Pause in Violence Israel Halts Offensive to Allow Aid into Gaza
Israel Wednesday halted military operations in the Gaza Strip for three hours to allow aid into the territory. Meanwhile European politicians, including Germany's Angela Merkel, have called for a cease-fire amid increasing concern for the humanitarian situation.
Amid growing calls for an end to the violence in the Gaza Strip, Israel on Wednesday halted its military operations against the militant Islamist group Hamas for three hours to allow humanitarian aid into the Palestinian territory, which has been virtually sealed off from the outside world since Israeli air strikes began on Dec. 27.
An Israeli military spokesman told the Associated Press that the pause in operations, which Israel is calling a "humanitarian corridor," would last from 1 p.m. to 4 p.m. local time and was aimed at letting in supplies and fuel. Similar lulls would be considered in the coming days, he said. Gaza residents said that the level of fighting had appeared to drop after the lull went into effect, even if there was still scattered gunfire and explosions, AP reported.
Meanwhile, calls from German and European leaders for a halt to the fighting are increasing amid growing concerns over the dire humanitarian situation in Gaza.
German Foreign Minister Frank-Walter Steinmeier said in Berlin Wednesday that a way out of the violence must be found as quickly as possible. The aim must be to achieve a lasting cease-fire that guarantees security for both Israelis and Palestinians, he said. He welcomed the Israeli announcement that it would create humanitarian corridors for aid deliveries and also welcomed a truce proposal drawn up by Egyptian President Hosni Mubarak and French President Nicolas Sarkozy which calls for an immediate cease-fire between Hamas and Israel. The plan has been backed by the United Nations and the United States.
Calls for a Cease-Fire
The Czech Republic, which currently holds the six-month rotating presidency of the European Union, also said in a statement Wednesday it was deeply concerned by the rising number of civilian casualties in Gaza. "We continue to call on both sides to immediately implement a comprehensive ceasefire to ease the suffering of civilians in both Israel and Gaza," the statement read.
German Chancellor Angela Merkel has also called for a cessation of the violence. She telephoned the Turkish Prime Minister Recep Tayyip Erdogan and US President George W. Bush on Tuesday, Merkel's spokesman told the press in Berlin. The German leader is in agreement with both Erdogan and Bush "that given the humanitarian crisis in the Gaza Strip, every effort must be made to find a political and diplomatic solution." Turkey, which has good ties to both the Arab world and Israel, has also been working to help broker a cease-fire in the Gaza Strip.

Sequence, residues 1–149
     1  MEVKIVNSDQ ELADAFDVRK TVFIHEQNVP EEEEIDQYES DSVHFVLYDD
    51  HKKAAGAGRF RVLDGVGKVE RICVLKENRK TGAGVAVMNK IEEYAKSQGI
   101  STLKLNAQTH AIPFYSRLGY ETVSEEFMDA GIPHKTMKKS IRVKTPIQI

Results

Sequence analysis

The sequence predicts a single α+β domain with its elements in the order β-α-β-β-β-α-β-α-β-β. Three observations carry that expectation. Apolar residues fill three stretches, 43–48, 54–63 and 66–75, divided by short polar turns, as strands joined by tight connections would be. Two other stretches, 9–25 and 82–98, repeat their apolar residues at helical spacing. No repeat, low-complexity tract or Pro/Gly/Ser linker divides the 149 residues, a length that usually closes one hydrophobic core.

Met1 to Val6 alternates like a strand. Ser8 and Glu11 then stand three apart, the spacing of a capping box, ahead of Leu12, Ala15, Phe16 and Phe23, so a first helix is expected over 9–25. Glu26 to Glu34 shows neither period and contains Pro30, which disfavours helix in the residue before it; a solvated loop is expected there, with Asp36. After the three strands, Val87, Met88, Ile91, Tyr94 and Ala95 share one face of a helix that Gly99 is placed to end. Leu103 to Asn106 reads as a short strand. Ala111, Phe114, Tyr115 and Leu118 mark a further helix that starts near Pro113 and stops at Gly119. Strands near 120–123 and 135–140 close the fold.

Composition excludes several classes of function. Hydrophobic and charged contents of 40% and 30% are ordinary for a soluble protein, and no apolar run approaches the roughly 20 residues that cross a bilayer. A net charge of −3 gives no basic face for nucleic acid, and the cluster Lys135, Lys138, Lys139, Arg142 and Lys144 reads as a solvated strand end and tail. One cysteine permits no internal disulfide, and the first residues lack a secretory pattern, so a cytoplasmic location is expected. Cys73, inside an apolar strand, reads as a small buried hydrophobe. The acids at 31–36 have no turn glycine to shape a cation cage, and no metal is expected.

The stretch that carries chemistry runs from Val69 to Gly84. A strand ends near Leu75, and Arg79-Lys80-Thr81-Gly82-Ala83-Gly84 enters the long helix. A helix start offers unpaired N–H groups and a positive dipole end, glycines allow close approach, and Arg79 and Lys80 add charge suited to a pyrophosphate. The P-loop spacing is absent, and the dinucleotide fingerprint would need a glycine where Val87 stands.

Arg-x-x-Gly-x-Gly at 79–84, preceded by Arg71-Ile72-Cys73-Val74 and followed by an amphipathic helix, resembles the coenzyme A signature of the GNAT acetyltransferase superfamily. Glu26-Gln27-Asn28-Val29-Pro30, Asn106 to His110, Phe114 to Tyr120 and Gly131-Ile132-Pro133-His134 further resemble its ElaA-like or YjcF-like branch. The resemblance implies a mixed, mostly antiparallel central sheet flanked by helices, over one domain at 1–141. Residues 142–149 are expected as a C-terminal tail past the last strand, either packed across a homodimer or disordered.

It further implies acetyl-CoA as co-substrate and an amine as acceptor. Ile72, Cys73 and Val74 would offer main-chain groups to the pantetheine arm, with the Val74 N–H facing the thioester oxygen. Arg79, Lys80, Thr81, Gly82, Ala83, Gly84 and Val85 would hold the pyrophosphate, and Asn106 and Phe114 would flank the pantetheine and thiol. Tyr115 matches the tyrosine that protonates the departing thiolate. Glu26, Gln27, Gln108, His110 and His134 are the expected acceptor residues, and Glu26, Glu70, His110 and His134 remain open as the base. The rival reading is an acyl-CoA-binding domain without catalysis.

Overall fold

According to her spokesman, Merkel said that the situation in Gaza, particularly for the civilian population, could only be improved through a cease-fire, which would also provide security for Israel in the long term. She called for an immediate end to the Hamas rocket fire from Gaza into Israel and a crackdown on weapon smuggling into the Palestinian region. She did not rule out international steps to stop weapons smuggling into the area. She also said that Israel should carry out a controlled opening of its border crossing points with the Gaza Strip so that humanitarian aid could be delivered to the population. This was a precondition for a sustainable cease-fire, she said.
However, German Defense Minister Franz Josef Jung Tuesday defended the Israeli offensive and said that a rejection of violence on the part of Hamas would be necessary before Israel would agree to a cease-fire. "I am sure that when Hamas convincingly rejects violence, then Israel will be open to a cease-fire," he said.
Former German Foreign Minister Joschka Fischer also weighed in. "The EU's current chaotic efforts should make us all blush with embarrassment," he told the German newspaper Die Zeit, referring to French President Nicolas Sarkozy's diplomatic efforts which are taking place in parallel to those of an official delegation of the European Union, which visited Israel this week. "We Europeans are making ourselves look ridiculous," Fischer said. "It is a diplomatic flea circus."
The diplomatic efforts are in response to increasing concern about the humanitarian situation in the Gaza Strip. There was outrage Tuesday after an Israeli attack on a UN-run school building, which was being used to shelter Palestinians who had left their homes out of fear of air strikes. The attack killed 40 people, according to UN officials. Israel claimed Hamas militants had fired mortars from inside the building, a claim the United Nation's Relief and Works Agency for Palestine Refugees (UNWRA) disputes. The UNWRA is calling for an "impartial investigation" into the attack.
A total of 130 people died on Tuesday, according to media reports. Israel launched 40 air strikes into Gaza overnight. According to Israeli media reports, nine rockets were fired from Gaza into southern Israel early on Wednesday.
The Palestinian death toll in the Israeli offensive, which began on Dec. 27 in a bid to stop rocket fire from the Gaza Strip into Israel, is believed to now be over 600, including as many as 300 civilians. However casualty figures cannot be verified as Israel is refusing to allow the international press into Gaza.
dgs -- with wire reports